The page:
• After the shutdown network node stops sending or responding to "keep-alive" messages but before the other network nodes detect that the shutdown network node is no longer sending or responding to "keep-alive" messages, the other network nodes may route protocol messages to the shutdown network node, and the shutdown network node in turn routes the protocol messages as usual.
  • When the other network nodes detect that the shutdown network node is no longer sending or responding to "keep-alive" messages, the other network nodes use the routing protocol to determine new routes that bypass the shutdown network node. In accordance with the present invention, the other network nodes use an existing routing protocol mechanism to detect that the shutdown network node is no longer sending or responding to "keep-alive" messages. Therefore, the other network nodes operate as usual, and require no logic changes in order to detect and bypass the shutdown network node.
  • FIG. 1 is a logic flow diagram showing exemplary logic 100 to stop routing protocol messages in accordance with an embodiment of the present invention. Beginning at step 102, and upon deciding to stop routing protocol messages, in step 104, the logic stops sending or responding to "keep-alive" messages, in step 106, and starts a timer for a predetermined timeout period, in step 108. The logic continues routing protocol messages during the timeout period, in step 110. Upon determining that the timer expired, in step 112, the logic stops routing protocol messages, in step 114. The logic 100 terminates in step 199.
  • FIG. 2 is a block diagram showing an exemplary network node 200 in accordance with an embodiment of the present invention. The exemplary network node 200 includes, among other things, shutdown logic 202, keep-alive logic 204, routing logic 206, and timer logic 208. The shutdown logic 202 is responsible for controlling the shutdown process for the network node 200. The keep-alive logic 204 is responsible for sending or responding to"keep-alive" messages. The routing logic 206 is responsible for routing protocol messages. The timer logic 208 is responsible for timer functions within the network node 200.
  • When the shutdown logic 202 decides to stop the routing logic 206 from routing protocol messages, for example, upon receiving an instruction through a network management interface (not shown) or upon detecting a failure, the shutdown logic 202 first signals the keep-alive logic 204 to stop sending or responding to "keep-alive" messages. The shutdown logic 202 then starts a timer for a predetermined timeout period using the timer logic 208. During the timeout period, the shutdown logic 202 signals or otherwise enables the routing logic 206 to continue routing protocol messages. When the shutdown logic 202 determines that the timer has expired, the shutdown logic 202 signals the routing logic 206 to stop routing protocol messages.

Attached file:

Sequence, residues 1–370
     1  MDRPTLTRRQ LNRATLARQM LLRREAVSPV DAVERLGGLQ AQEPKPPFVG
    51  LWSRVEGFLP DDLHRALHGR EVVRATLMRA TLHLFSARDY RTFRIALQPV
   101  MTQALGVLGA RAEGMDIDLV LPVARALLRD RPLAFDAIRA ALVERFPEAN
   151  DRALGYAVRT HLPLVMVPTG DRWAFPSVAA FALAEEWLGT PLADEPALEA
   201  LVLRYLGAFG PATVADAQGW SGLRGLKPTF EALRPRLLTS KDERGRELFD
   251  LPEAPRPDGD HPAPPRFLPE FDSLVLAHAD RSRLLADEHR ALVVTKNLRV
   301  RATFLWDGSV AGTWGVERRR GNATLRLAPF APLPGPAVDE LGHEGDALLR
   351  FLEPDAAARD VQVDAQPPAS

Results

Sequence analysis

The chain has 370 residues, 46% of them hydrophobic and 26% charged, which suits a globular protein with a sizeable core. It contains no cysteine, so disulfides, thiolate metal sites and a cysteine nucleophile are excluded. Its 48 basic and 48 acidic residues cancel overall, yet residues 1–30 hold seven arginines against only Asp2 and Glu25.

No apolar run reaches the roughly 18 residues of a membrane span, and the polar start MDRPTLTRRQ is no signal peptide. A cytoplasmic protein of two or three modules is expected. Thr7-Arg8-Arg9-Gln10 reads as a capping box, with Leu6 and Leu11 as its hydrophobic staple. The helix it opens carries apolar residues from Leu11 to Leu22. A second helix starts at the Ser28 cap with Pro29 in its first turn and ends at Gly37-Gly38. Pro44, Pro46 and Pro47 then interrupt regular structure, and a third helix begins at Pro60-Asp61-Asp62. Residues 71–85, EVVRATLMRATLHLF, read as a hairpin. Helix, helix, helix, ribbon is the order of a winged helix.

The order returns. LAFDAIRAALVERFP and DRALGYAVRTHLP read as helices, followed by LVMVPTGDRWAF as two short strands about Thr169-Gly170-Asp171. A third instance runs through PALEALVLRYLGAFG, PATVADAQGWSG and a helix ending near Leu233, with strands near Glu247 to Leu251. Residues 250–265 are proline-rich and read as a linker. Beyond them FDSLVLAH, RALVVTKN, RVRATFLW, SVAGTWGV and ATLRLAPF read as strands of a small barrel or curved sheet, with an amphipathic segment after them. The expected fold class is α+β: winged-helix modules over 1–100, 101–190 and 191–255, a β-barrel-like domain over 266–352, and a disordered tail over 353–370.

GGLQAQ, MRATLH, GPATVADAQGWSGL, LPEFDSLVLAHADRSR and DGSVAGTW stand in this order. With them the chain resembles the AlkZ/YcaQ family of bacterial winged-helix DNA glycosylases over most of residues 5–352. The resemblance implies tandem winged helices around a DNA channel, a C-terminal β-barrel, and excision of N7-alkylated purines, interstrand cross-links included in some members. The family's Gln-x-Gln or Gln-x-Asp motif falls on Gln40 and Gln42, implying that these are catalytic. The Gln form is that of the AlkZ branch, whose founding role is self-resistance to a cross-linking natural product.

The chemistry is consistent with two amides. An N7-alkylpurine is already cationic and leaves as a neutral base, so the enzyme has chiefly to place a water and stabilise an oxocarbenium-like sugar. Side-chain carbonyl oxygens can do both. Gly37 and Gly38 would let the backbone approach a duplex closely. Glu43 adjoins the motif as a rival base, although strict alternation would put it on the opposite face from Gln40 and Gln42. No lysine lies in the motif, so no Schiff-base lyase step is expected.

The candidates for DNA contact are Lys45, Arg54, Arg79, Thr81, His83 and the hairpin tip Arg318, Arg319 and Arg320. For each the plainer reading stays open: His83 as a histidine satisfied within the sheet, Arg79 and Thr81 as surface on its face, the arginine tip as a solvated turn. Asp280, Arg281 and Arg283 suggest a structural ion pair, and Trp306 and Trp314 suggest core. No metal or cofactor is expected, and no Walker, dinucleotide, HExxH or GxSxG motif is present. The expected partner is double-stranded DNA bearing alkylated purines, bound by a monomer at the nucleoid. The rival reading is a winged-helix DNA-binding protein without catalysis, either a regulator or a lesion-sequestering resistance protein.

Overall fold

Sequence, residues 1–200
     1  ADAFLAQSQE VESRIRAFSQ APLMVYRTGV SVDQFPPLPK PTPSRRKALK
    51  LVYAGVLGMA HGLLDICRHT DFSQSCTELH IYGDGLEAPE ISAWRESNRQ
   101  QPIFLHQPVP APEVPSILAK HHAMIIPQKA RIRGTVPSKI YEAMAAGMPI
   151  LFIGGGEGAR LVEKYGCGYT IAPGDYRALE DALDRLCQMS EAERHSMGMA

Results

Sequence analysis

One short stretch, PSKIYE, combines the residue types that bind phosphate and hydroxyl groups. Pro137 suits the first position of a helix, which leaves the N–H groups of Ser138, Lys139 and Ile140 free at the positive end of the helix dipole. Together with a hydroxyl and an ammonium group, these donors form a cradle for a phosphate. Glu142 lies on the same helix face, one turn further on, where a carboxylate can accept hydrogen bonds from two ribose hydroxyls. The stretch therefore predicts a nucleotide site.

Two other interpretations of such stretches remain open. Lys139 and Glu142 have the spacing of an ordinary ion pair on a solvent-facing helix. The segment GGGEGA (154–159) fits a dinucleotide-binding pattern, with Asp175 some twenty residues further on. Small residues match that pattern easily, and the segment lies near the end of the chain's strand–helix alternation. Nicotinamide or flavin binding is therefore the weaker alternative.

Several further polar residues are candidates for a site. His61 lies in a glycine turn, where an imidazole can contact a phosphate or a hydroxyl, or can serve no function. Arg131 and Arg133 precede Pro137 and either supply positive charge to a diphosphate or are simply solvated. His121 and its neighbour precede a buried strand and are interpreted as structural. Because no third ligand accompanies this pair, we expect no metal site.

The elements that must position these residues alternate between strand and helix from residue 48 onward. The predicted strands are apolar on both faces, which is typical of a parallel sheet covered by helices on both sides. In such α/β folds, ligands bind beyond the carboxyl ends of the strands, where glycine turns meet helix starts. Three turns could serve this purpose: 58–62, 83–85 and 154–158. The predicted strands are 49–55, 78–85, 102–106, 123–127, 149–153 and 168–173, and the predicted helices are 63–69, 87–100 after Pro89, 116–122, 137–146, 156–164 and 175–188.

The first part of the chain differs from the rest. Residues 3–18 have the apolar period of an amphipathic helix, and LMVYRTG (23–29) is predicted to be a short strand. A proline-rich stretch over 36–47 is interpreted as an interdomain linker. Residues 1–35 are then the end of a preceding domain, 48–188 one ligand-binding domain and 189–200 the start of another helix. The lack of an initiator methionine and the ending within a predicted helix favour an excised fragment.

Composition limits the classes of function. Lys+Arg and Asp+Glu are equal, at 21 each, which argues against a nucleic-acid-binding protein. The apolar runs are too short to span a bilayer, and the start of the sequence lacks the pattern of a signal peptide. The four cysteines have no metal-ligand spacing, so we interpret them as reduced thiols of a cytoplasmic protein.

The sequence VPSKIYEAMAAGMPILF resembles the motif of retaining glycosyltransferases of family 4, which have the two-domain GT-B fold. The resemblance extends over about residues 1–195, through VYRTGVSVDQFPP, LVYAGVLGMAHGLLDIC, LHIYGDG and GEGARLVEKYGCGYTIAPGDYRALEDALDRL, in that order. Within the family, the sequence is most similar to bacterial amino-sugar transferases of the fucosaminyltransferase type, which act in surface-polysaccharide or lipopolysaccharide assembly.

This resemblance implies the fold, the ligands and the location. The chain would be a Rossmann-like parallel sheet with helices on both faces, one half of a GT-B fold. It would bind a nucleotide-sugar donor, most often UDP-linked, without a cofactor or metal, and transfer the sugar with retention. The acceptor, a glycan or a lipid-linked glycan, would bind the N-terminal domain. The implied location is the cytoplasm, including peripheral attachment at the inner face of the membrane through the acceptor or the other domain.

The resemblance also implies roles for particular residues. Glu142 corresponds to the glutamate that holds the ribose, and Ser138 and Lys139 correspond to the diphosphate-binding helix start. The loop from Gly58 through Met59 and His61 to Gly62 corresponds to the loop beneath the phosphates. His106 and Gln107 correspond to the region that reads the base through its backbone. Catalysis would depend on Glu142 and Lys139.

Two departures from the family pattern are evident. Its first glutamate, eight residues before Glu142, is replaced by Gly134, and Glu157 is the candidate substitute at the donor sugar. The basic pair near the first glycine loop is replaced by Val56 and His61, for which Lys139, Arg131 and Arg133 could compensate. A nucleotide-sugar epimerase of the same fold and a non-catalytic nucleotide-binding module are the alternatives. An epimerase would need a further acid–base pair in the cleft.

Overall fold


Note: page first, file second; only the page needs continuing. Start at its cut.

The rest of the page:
• FIG. 3 is a system diagram showing an exemplary communication system 300 in accordance with an embodiment of the present invention. The exemplary communication system 300 includes a plurality of interconnected network nodes (302, 304, 306, 308, 310). The network node 304 is the shutdown network node. The network node 302 is coupled to the shutdown network node 304 over the interface 303 and to the network node 310 over the interface 311. The shutdown network node 304 is coupled to the network node 302 over the interface 303 and to the network node 306 over the interface 305. The network node 305 is coupled to the shutdown network node 304 over the interface 305 and to the network node 308 over the interface 307. The network node 308 is coupled to the network node 306 over the interface 307 and to the network node 310 over the interface 309. The network node 310 is coupled to the network node 308 over the interface 309 and to the network node 302 over the interface 311.